This month I am trying out a new feature at Christian Fiction Blog called “Weekly Response/Weekend Chatter.” Instead of me blogging about everything Christian Fiction in the blogosphere I will share five key issues discussed along with my response to them. If you like this feature, let me know in the comments. If you would like to participate in the Weekly Responses use the hashtag #cfb in twitter or on facebook.
Literary Agent Rachelle Gardner responds blogs about writer complaints that the query system doesn’t work.
I actually think the query system works. It may be inefficient and time consuming, but it's incredibly democratic, which is something writers should appreciate. In the query system, everybody has access. All the other possible systems I've heard proposed are not nearly as democratic—they limit access somehow.
Some interesting comments came out of the discussion. The gist of them were that some believed the system was fine, because they had been successful and others don’t think the system works because they have not.
The main arguments were editors reject good books because based on the query they don’t think they can sell the book to the pocketful of editors they have business relationships with, that the agent won’t seek other editors—those they don’t know—to shop the book. Others thought the system wasn’t a sound business model, since the success rate of published books is around 15%.
My take, my personal take…
The query system works if you know how to work the system.
That’s not an opportunistic statement or a claim that I have cracked the code for query success. At DGP I offer proposal and query writing services, but I don’t guarantee a contract. That’s ludicrous.
What it means is that a writer must now understand the publishing business. And frankly, there’s no excuse that a writer shouldn’t in this day and age. The internet has afforded us a gateway into the publishing world. Literary agents, publishing house editors, literary publicists, industry insiders, bookstore owners are blogging and sharing this world to us. So why aren’t we taking advantage of it.
For the past two years I shopped my novel series to become published. In the beginning I submitted queries to agents and editors whom were referred to me or whom I personally knew. Every agent except one responded to my query. One. And I know these agents personally. One! The one agent told me that my writing had some work to do and thought it was too edgy for Christian fiction genre. Granted I have been reviewing Christian Fiction for Romantic Times and various other print publications for seven years and been a book critic and book awards judge for five. I know this genre like I know that I’m African-American. I have read and noted books released in CBA that shares the same theme, tone, and content that I had written. et…
But because I know this game. I know the words that is being said between the lines. What she meant was that the editors I close well with wouldn’t buy the book and don’t have the time or the resources to shop it to someone outside my circle. In short, I don’t know how to sell your book. Period.
Newsflash most agents don’t. Whether they want to believe it or not they have branded themselves. Editors know which agents will supply a certain type of author. The trick is finding an editor who is branded to shop your story.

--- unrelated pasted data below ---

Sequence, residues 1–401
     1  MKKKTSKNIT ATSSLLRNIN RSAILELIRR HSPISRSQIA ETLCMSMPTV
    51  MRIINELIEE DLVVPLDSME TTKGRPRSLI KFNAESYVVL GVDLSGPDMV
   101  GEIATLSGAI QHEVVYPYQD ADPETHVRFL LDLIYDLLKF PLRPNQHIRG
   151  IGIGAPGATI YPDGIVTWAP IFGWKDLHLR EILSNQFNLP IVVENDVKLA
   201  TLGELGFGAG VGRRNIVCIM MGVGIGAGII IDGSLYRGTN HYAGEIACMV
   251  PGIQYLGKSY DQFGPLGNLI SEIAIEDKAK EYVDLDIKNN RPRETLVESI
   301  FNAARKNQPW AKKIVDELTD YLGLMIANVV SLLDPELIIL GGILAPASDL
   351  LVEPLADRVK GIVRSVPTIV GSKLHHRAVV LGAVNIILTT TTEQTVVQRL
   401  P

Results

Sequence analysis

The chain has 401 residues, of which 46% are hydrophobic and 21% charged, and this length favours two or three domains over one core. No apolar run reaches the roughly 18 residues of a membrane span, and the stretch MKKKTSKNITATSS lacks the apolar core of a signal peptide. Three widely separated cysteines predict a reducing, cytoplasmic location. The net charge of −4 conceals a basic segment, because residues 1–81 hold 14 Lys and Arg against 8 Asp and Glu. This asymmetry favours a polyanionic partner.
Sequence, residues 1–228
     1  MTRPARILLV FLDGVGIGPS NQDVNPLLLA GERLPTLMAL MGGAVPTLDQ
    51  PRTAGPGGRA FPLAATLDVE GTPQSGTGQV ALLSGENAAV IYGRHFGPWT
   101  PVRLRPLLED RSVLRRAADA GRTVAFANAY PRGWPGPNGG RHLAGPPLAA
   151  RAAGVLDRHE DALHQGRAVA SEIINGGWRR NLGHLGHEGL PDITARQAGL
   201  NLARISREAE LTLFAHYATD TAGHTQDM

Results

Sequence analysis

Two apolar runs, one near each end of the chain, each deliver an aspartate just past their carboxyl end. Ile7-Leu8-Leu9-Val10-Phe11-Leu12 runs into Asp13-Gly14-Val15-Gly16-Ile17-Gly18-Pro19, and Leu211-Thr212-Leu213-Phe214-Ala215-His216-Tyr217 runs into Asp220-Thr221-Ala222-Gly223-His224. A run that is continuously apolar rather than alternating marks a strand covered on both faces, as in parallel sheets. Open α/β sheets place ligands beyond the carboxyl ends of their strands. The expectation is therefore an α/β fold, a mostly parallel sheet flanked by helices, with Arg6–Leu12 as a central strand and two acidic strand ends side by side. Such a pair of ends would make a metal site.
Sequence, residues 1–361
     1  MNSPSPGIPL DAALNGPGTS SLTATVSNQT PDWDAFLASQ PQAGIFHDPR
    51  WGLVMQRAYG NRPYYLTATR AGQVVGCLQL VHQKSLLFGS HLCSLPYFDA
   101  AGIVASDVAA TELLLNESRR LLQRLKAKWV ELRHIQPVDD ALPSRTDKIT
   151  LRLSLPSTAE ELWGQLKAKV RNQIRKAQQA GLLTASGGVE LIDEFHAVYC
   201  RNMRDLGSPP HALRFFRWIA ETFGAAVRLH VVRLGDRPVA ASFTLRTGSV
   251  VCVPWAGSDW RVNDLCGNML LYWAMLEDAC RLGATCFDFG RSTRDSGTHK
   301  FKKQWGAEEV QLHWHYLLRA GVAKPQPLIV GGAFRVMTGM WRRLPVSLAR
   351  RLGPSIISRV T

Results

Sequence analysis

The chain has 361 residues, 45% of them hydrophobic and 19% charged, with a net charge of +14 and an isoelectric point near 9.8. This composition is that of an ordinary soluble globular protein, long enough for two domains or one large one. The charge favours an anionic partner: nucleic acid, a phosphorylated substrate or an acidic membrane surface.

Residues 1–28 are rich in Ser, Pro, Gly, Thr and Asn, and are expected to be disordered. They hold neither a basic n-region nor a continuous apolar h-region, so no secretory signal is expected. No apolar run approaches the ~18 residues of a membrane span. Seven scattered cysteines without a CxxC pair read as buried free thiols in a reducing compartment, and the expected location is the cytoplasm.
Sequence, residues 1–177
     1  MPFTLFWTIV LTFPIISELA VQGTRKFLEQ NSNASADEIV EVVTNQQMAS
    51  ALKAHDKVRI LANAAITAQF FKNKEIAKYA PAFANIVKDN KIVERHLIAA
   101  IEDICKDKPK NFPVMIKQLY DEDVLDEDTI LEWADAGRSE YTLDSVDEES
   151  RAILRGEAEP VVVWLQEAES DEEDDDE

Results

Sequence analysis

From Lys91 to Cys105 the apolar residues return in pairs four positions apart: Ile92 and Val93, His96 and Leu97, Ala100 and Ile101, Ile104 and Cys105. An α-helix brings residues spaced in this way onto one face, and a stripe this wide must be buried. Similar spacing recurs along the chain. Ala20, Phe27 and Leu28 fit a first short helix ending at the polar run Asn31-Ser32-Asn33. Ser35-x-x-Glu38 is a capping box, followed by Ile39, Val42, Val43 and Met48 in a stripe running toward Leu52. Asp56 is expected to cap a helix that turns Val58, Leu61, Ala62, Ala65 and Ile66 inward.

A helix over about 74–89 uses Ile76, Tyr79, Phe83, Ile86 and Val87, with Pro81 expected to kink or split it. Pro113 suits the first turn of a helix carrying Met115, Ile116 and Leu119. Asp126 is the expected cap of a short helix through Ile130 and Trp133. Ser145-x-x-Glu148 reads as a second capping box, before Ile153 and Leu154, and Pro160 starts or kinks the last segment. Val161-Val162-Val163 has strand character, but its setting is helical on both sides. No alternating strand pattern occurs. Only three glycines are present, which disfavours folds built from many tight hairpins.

Or you can shop the book yourself. I entered a writing contest, whereby the prize was to have my book read by an editor of a major publishing house. I won third place at last year’s Romance Slam Jam Contest. The contest facilitator gave me a referral to an editor whom I believed represented the publishing house that would champion my story.
Now this is where the tricky part came in. I had to submit a great query and proposal. I had to hire my own self to present my story to her in a language she would understand and with an answer to a question that all editors and agents want to know: Can we sell this book?
I answered the question in my proposal. She agreed. And now I have a 3 book deal.
It’s not as simple as I put it but the story behind the whole thing pretty much is.
A publisher’s goal is to sell books. The commercial writer’s goal is to sell their books. In order for both to achieve their goals they need each other. It’s like a convenient marriage. Therefore query process is sort of a flirt or pick-up line to see if there is a spark there between the two. Most publisher’s use agents as a sort of matchmaker.
This last statement is the rub. The publishing industry took a big smack last year, which affected everyone’s bottom line. Thus, some agents I know have facilitated safe matches with their current clients, so they could remain solvent. It’s a survival game right now.
But what about the wannabes? What about the authors who have great books, but no agents willing to escort them to the ball?
For many writers this arrangement is like being the red-headed step child or the lovely swan princess or different. But they shouldn’t give up. They should dig in and continue writing.
As the publishing industry has changed and morphed and shifted it’s paradigm, then why haven’t literary agents shifted? Change is a top-down process with major institutions or a massive grassroots change at the bottom. Self-pubs have headed the grassroots movement below. The question you should ask yourself is if the query system doesn’t work, then what will work in the future? Because the writing on the wall is that authors will either have to hire someone like me to help them craft marcomm to publishers or become independent, upon which then they have to do everything on their dime. Because that’s what it boils down to. The bottom line.